Adieu, Monsieur Bah

Thierno Maadjou Bah, one of the Slow Food Award 2001 winners, died on Wednesday July 10. Thierno was traveling to work in Mamou, a town not far from Conakry, the capital of Guinea, when he was involved in a tragic car accident. We will all greatly miss the enthusiasm and good-natured industry of Thierno, who recently converted a room in his house into a Slow Food office and who, in partnership with the co-winner of last year’s award, Mamadou Muchtar Sow, was busy setting up a Slow Food Convivium in Conakry. Sadly, all we are left with is the legacy of his projects and commitment. Our heartfelt condolences go to his family and colleagues.

Thierno Maadjou Bah, born in 1944, and Mamadou Mouctar Sow, born in 1952, are both originally from the Futah Djallon region, which sprawls across Mali and Guinea. They belong to the Peulh ethnic group and come from farming families of average means who own vegetable plots, banana plantations, or small arable or livestock farms.
During early childhood, they witnessed the exploitation of colonial administration, which forced their parents to give the state all their harvested crops (rubber, néré, pepper) and animal produce (milk, eggs, livestock and so on). They were profoundly affected by that difficult period, and their family upbringing made them aware of their socio-economic and cultural environment, so they quickly recognized the vital importance of the néré tree (Parkia biglobosa), which has pharmacological properties and numerous applications as a food. Many parts of the tree are used, from roots to leaves, bark, flowers and seeds, from which a traditional seasoning ingredient called soumbara is obtained.
With the hope of one day being able to help improve the rural population’s difficult living conditions, the two finished their studies, Thierno in agricultural economics and Mamadou in agriculture. They remained aware of the importance of conservation and became the main coordinators of an action plan to protect the néré tree, a symbol of biodiversity and key to survival for the peoples of Futah Djallon.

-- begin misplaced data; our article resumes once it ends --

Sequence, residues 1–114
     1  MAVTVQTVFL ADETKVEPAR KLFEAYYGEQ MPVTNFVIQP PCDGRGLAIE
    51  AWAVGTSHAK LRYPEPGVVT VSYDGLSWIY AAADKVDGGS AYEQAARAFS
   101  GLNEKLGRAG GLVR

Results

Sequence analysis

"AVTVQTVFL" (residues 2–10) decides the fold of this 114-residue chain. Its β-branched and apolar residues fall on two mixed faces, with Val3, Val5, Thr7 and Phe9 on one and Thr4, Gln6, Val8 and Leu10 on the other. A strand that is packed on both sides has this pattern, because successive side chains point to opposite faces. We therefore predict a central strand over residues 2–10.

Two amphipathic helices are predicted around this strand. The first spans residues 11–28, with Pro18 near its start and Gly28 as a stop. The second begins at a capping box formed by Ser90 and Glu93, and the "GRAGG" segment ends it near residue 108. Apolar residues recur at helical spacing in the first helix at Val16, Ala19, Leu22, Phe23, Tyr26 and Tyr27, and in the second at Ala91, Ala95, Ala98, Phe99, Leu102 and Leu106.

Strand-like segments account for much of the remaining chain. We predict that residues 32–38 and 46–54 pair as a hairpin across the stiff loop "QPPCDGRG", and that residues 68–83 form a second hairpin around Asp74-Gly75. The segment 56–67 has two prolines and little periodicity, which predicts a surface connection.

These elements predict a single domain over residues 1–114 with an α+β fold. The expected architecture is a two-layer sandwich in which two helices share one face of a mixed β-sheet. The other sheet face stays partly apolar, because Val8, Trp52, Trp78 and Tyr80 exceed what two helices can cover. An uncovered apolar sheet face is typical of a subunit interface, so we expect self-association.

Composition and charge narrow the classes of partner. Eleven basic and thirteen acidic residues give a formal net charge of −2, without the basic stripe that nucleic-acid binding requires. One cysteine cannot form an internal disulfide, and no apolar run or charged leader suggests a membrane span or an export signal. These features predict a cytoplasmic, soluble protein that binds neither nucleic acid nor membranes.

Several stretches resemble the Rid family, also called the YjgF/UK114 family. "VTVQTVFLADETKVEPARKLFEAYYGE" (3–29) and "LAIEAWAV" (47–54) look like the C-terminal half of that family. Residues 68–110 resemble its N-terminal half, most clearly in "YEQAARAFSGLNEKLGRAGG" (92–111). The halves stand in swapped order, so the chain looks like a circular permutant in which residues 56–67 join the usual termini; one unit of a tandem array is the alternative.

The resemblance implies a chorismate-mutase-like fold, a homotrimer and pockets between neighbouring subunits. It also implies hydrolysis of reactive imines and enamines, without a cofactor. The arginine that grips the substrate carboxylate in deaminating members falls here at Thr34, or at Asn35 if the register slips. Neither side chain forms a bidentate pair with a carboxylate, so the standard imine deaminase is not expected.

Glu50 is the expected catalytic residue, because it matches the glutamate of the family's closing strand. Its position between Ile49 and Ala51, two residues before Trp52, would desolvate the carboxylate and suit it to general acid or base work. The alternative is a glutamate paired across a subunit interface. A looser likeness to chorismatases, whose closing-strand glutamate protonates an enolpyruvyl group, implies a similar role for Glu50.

Thierno Maadjou Bah won a scholarship to study journalism in the German Democratic Republic after graduating in Conakry. He specialized in economics and also undertook a work experience program at Radio Berlin International.
After returning to Guinea in 1973, Thierno Maadjou was taken on as a staff writer at the Ministry of Information but to escape the repressive regime, he asked to be transferred to the Ministry of Rural Development at Labé.
This was finally an opportunity to get involved in agriculture and communication in a rural area. The economist became a farmer and set up, amongst other things, composting projects that relieved the town of Labé of organic waste disposal problems. In addition, he organized a scheme to spread cultivation of potatoes, maize, beans and manioc without chemical fertilizers or pesticides, which resulted in increased yields.
In 1990, Thierno Maadjou was appointed manager of the radio station Radio Rurale de la Moyenne Guinée and inspired the first broadcasts on how to farm using modern methods, at the same time educating listeners about conservation and fire prevention on the savanna. He also energetically campaigned against the use of néré wood as a fuel for brick ovens.

Mamadou Mouctar Sow studied agronomy at the University of Conakry after completing his high school diploma in agriculture and animal husbandry. From 1975 al 1979, he continued his studies at the University of Santa Clara in Cuba, where he graduated in livestock engineering.